At that point, it’s ready for use feeding growing things which puts that luscious green back where it came from at the start. The final step is loading some bags for sharing our wealth with others.

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My project yesterday was a little more involved than usual after the chickens showed up to offer assistance. Their version of helping seems to always involve getting as much in the way as they possibly can. I tried negotiating with them, but it seems as though they don’t understand English.

Compost work was interrupted by lunch, after which our attention shifted to the north pasture. With Cyndie assisting, we pulled the posts with a chain and the loader bucket of the diesel tractor, which cleared the way for me to mow the overgrown field.

Well, not exactly. The evergreen trees in that field have gotten so big, the tractor doesn’t fit between many of them anymore. It becomes a maze of weaving around groups of trees that are often too close together to provide easy weaving.

It was certainly more trouble than I could manage, in terms of getting the field to look decently mowed. I did achieve a wonderful version of the ‘bad haircut.’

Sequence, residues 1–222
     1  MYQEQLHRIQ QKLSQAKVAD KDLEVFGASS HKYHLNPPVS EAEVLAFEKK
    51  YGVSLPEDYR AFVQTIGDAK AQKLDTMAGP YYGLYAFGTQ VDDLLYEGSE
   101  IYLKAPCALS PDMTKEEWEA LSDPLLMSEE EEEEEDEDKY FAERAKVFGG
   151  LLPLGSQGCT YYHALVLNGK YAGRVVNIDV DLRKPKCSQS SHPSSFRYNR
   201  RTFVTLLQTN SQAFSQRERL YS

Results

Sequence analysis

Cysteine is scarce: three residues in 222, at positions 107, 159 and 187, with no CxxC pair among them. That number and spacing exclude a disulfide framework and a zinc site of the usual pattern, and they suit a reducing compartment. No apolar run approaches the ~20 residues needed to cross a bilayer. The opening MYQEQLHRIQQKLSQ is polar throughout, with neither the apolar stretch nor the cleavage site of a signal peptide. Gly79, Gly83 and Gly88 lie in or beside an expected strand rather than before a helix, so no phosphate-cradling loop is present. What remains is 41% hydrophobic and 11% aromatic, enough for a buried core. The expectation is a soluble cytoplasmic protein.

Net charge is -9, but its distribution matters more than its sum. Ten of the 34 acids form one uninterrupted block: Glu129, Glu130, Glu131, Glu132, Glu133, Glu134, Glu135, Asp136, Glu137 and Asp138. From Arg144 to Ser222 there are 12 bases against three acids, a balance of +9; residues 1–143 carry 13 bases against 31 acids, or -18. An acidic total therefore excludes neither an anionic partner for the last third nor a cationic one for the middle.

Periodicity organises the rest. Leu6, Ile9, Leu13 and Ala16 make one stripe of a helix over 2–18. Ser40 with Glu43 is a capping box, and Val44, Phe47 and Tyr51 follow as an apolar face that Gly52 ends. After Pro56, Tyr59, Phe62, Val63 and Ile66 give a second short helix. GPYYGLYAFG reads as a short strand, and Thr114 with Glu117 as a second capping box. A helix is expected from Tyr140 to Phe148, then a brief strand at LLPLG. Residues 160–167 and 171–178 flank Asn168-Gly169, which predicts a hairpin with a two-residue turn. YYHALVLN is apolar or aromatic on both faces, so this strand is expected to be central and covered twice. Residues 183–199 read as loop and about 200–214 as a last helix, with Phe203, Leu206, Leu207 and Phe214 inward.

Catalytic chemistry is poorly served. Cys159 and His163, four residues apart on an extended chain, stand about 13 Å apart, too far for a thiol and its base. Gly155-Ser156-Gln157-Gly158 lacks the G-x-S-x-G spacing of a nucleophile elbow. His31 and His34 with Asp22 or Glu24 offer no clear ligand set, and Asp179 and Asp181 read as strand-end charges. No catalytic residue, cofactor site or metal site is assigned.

The night ended with a small setback, as the chickens made their way into the tree over the compost piles again before we could entice them to the coop. It seems as though the training for that may not have a final step, but will be a repeating exercise for some time to come.

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Written by johnwhays

July 15, 2017 at 6:00 am

Dust Bathing

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While I was busy sprucing up the property, the chickens were sprucing up themselves with a rousing dust bath yesterday afternoon. Apparently, two of them had simultaneous interest in the exact same spot of sandy ground. If it hadn’t been for their two different colors, I wouldn’t have been able to tell where one left off and the other started.